Evacuations in Philippines as typhoon threatens SEA Games

Spectators wave their flags during the opening ceremony for the 30th Southeast Asian Games on Saturday, November 30, 2019. (Reuters)
Updated 01 December 2019

Evacuations in Philippines as typhoon threatens SEA Games

  • Organizers have said there are contingency plans in place for a typhoon, including possible cancelations of outdoor events of the Games
  • Around 8,750 athletes and team officials are expected at this year’s 30th edition

CLARK, Philippines: The Philippines has begun evacuating thousands of people, local officials said Sunday, as a powerful typhoon rumbled in off the Pacific, bringing heavy rain, strong winds and threatening SEA Games venues.
Forecasters expect Typhoon Kammuri to hit Monday evening or Tuesday morning, packing gusts of 170 kilometers per hour and maximum sustained winds of 140 kph.
The storm entered Philippine territory Saturday evening, shortly before President Rodrigo Duterte and boxing superstar Manny Pacquiao launched the Games with a colorful opening ceremony.
This year’s Games in Clark, Manila and Subic, which run through to December 11, are particularly complex with a record 56 sports across dozens of venues that are in some cases hours apart by car, even before Manila’s notorious gridlock traffic is factored in.
Organizers have said there are contingency plans in place for a typhoon, including possible cancelations of outdoor events of the Games, which are mostly in the main Philippine island of Luzon in the country’s north.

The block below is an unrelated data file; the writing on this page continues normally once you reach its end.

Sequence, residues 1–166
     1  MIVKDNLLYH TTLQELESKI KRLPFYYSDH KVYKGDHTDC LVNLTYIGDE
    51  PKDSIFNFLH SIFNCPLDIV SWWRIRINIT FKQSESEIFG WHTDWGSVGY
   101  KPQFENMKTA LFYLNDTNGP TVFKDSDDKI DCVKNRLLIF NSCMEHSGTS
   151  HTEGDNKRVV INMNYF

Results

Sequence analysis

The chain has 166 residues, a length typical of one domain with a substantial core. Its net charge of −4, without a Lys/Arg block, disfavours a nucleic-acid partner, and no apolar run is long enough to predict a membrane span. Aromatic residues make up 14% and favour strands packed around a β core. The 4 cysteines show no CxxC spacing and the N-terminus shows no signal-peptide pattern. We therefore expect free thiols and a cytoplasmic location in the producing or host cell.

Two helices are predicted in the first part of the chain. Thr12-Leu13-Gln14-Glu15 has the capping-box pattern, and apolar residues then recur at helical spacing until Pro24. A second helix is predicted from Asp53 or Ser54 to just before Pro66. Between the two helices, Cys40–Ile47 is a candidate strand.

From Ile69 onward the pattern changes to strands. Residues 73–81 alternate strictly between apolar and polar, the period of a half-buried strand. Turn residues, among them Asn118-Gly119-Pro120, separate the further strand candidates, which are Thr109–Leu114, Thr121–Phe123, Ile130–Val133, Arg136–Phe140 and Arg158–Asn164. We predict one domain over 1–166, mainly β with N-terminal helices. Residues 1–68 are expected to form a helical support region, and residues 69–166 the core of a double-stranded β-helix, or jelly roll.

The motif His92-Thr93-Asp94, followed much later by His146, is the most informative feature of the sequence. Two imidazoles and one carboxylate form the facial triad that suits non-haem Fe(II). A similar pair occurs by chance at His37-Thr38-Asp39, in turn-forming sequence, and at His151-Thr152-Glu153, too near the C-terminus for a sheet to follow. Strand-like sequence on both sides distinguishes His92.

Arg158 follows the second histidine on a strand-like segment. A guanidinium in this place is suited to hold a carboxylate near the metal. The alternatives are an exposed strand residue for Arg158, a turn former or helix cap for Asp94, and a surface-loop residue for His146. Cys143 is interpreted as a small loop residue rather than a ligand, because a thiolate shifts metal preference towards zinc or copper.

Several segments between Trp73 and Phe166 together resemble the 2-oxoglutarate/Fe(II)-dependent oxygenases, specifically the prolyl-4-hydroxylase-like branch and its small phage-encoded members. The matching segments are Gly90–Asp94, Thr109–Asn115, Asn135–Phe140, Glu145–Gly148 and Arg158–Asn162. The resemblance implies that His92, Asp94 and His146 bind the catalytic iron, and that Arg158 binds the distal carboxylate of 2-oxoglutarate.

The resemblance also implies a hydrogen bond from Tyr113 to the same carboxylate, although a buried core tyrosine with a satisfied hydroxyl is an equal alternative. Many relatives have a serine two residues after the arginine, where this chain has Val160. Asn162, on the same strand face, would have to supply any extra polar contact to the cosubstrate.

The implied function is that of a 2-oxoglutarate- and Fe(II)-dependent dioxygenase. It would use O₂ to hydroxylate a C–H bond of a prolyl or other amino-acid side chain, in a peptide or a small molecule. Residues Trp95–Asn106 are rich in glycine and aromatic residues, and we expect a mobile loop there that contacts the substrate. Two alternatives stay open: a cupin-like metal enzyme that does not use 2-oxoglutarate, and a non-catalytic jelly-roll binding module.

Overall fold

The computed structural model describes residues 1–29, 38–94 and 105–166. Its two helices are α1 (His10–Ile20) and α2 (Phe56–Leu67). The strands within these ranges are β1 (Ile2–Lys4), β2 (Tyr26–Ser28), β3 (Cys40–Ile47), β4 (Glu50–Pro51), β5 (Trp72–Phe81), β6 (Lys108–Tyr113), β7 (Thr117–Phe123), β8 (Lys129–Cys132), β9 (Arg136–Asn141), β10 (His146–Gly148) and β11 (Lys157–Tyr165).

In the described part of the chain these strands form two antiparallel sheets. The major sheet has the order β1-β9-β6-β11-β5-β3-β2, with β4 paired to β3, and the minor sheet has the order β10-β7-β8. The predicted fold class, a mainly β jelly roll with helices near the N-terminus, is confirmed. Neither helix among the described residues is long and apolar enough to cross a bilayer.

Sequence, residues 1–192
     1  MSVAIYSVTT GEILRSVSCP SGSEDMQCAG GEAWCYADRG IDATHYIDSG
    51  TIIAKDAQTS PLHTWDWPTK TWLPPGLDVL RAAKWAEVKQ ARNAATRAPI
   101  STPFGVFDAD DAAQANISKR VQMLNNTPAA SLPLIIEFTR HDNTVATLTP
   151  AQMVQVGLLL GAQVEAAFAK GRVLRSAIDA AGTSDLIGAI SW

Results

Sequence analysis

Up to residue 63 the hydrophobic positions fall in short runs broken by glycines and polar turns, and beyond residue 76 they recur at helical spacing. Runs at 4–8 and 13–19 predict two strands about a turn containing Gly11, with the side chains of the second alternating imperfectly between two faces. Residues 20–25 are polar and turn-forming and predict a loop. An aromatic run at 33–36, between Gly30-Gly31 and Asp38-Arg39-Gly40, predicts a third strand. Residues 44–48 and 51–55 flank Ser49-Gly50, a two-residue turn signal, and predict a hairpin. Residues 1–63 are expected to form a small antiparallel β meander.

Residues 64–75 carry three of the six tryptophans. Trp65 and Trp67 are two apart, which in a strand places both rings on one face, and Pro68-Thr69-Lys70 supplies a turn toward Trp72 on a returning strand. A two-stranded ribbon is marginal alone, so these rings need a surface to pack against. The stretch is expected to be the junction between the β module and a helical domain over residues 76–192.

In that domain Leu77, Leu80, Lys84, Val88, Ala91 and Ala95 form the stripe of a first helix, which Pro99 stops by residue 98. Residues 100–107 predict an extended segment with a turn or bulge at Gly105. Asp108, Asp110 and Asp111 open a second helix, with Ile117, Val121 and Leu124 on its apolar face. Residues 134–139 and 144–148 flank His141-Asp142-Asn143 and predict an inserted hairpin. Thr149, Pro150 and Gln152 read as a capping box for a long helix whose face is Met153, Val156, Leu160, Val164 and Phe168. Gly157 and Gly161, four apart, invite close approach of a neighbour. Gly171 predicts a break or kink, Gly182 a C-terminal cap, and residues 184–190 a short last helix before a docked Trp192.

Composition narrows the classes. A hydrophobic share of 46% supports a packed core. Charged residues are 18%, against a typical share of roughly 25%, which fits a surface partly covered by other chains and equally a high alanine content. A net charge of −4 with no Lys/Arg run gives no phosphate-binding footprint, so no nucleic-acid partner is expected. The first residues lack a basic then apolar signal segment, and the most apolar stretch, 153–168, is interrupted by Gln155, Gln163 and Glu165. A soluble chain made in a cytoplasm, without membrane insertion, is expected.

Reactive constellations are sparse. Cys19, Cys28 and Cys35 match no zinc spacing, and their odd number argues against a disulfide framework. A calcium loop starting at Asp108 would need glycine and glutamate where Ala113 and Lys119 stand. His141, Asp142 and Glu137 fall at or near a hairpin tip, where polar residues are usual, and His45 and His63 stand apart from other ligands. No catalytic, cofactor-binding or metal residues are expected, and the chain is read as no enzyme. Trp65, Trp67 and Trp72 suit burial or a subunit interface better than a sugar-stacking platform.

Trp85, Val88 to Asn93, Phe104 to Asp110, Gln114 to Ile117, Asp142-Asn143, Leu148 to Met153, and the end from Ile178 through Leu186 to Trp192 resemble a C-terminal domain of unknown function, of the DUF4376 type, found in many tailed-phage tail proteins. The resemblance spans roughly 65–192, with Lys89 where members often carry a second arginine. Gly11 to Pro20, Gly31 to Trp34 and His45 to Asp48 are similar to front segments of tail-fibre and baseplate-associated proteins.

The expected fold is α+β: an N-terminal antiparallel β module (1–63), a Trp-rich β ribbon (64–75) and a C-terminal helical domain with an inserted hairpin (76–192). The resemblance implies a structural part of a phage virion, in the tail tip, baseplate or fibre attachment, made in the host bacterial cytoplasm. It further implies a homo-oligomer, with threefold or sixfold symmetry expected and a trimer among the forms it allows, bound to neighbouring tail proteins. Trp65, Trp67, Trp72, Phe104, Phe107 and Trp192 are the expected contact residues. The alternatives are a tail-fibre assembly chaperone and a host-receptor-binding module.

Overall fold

Some local government units in central Bicol region have started evacuating people.
More than 800 families (about 3,000 to 4,000 people) are already in evacuation centers, mostly in schools and gymnasiums in Camarines Norte, the disaster management office of the province said.
Local officials were still evacuating some areas so the number was expected to rise, the office added.
Most of those evacuated live in coastal areas and low-lying places where flash floods and landslides are possible due to heavy rains that will be brought by the typhoon.
These are all preemptive evacuations and no mandatory evacuation has been ordered yet, the disaster management office said.
School classes and work in the government in some towns have also been suspended for Monday and Tuesday in anticipation of the heavy rains.
The Philippines, which last hosted the Games in 2005, are aiming to win the most medals, and history is on their side: seven of the last 11 SEA Games hosts have topped the table, reflecting the tradition of rewriting the sporting program to suit local strengths.
The hosts got off to a flying start on Sunday, scooping several golds at the Dancesport competition and topped the medal table shortly after 1:00 p.m. with 13 overall.
Around 8,750 athletes and team officials are expected at this year’s 30th edition — the biggest ever — and there are some 12,000 volunteers. Organizers hope more than 500 million viewers will tune in on TV.